WKU’s fall enrollment tops 21,000

Enrollment at WKU continues to climb, reaching more than 21,000 students and setting a new record for the 14th year in a row.

According to a WKU news release, fall 2011 enrollment is 21,048 students, an increase of 145 students from last fall.

President Gary Ransdell said the announcement that WKU had exceeded 21,000 students was not a surprise because the university monitors the figures closely.

Brian Meredith, associate vice president for Enrollment Management, said the growth is due to a variety of factors and programs.

The Navitas program, which aims to bring international students to WKU, is now in its third year, has seen the number of students at WKU triple since the first year, Meredith said.

Improving retention numbers from sophomore to junior year and junior to senior year have also helped, he said.

Ransdell also emphasized the importance of retention and increasing the number of students who return for their sophomore year of college.

Currently, WKU loses about 25 percent of the freshman class before their sophomore year, Ransdell said.

“We want to cut way into that number,” he said.

Ransdell said he hopes to retain several hundred more freshmen from each freshman class.

Additionally, WKU has built new relationships with high schools in the region, increasing the number of students enrolled in dual credit classes, Meredith said.

Dual credit classes allow high school students to take WKU classes and simultaneously receive credit for the course at their high school and WKU.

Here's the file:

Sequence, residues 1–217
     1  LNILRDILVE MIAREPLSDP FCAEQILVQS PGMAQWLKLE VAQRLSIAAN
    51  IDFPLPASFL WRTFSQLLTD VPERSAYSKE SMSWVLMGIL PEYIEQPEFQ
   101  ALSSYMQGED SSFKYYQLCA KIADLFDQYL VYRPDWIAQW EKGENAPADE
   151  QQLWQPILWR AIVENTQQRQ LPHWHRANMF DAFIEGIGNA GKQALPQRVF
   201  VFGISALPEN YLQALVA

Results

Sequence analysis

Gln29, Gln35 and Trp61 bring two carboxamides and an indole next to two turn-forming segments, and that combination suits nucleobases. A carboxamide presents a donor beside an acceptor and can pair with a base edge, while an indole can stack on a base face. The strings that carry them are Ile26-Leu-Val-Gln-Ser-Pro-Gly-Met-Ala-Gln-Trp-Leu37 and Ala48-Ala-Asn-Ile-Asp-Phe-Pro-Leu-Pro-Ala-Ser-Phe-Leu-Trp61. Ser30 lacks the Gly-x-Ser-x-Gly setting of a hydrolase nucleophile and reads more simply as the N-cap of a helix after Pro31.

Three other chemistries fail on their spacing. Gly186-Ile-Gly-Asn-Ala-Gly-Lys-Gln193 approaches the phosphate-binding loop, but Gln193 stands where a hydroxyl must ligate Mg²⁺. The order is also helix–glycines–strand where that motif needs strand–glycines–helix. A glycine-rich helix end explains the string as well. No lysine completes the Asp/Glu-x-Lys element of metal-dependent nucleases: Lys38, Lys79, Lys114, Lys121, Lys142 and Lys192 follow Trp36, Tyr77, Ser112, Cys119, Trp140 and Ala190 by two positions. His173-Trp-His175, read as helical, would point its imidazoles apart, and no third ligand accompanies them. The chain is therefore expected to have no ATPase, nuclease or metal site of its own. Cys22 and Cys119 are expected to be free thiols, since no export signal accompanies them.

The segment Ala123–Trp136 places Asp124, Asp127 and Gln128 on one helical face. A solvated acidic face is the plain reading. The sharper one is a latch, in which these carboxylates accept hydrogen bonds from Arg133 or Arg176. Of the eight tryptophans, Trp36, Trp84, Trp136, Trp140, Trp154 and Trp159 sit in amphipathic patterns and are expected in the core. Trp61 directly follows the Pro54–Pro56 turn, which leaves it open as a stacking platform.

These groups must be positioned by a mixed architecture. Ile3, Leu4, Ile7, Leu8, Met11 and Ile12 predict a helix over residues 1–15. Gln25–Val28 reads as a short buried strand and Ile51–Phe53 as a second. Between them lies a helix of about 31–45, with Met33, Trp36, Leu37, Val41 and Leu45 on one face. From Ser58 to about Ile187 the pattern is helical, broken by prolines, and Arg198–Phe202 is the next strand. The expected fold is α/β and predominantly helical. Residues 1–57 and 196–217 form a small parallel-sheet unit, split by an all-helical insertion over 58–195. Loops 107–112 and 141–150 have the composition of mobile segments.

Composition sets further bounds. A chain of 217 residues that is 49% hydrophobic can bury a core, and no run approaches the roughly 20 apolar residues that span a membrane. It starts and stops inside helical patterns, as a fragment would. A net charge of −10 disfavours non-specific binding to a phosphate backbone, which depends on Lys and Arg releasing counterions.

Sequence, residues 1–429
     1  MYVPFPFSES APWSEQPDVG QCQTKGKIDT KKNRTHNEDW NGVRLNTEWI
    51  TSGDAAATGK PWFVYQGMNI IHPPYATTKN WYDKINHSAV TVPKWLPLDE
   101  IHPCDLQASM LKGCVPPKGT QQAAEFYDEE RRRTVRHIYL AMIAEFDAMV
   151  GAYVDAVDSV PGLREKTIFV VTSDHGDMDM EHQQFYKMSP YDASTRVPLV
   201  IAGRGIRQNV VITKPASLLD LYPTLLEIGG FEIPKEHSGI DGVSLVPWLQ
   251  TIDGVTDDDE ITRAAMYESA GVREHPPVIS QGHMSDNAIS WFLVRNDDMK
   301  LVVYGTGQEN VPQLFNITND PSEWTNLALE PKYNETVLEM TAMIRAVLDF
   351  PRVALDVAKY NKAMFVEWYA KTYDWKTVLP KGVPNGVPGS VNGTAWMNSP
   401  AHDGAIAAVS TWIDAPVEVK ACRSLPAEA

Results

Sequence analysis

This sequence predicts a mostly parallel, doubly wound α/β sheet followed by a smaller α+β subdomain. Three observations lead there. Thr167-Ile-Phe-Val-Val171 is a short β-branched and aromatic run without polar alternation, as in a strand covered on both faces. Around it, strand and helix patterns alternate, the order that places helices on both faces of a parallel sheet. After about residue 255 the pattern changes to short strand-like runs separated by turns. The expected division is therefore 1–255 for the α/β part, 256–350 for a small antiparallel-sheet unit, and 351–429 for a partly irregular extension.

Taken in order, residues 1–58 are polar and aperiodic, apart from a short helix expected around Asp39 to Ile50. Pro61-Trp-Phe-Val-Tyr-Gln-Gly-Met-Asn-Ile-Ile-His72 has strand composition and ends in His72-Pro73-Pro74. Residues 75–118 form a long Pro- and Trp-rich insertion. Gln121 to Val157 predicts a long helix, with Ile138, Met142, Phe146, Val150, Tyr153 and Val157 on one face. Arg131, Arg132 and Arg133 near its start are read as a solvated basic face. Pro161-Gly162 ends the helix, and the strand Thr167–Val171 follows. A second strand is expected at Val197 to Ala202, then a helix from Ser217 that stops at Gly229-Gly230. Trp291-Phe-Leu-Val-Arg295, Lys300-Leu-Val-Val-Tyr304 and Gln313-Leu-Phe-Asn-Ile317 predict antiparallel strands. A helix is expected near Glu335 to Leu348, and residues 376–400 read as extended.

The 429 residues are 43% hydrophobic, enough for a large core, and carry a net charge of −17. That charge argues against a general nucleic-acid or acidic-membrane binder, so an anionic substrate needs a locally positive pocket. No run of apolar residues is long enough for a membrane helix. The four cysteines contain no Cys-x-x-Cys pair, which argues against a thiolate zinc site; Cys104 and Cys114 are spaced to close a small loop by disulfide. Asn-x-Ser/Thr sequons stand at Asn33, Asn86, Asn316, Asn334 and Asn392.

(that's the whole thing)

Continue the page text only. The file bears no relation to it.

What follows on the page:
A good many of these dual-credit students go on to become WKU full-time freshmen after high school, Meredith said.

WKU’s continuing efforts to reach out to area students, the growth of academic programs and increased awareness of WKU’s offerings has also contributed to growth, Meredith said.

“As word of mouth grows, more interest in Western Kentucky grows,” he said.

The 145-student increase is considered modest growth, Ransdell said. Sustaining this level of growth is important for supporting the university financially.

However, the financial impact of this year’s growth is relatively flat because the student increase came from dual credit. Ransdell said dual credit students pay a flat $200 fee for each course.

“If that’s your primary margin of growth, it doesn’t produce the kind of revenue from online students and full-time students,” he said.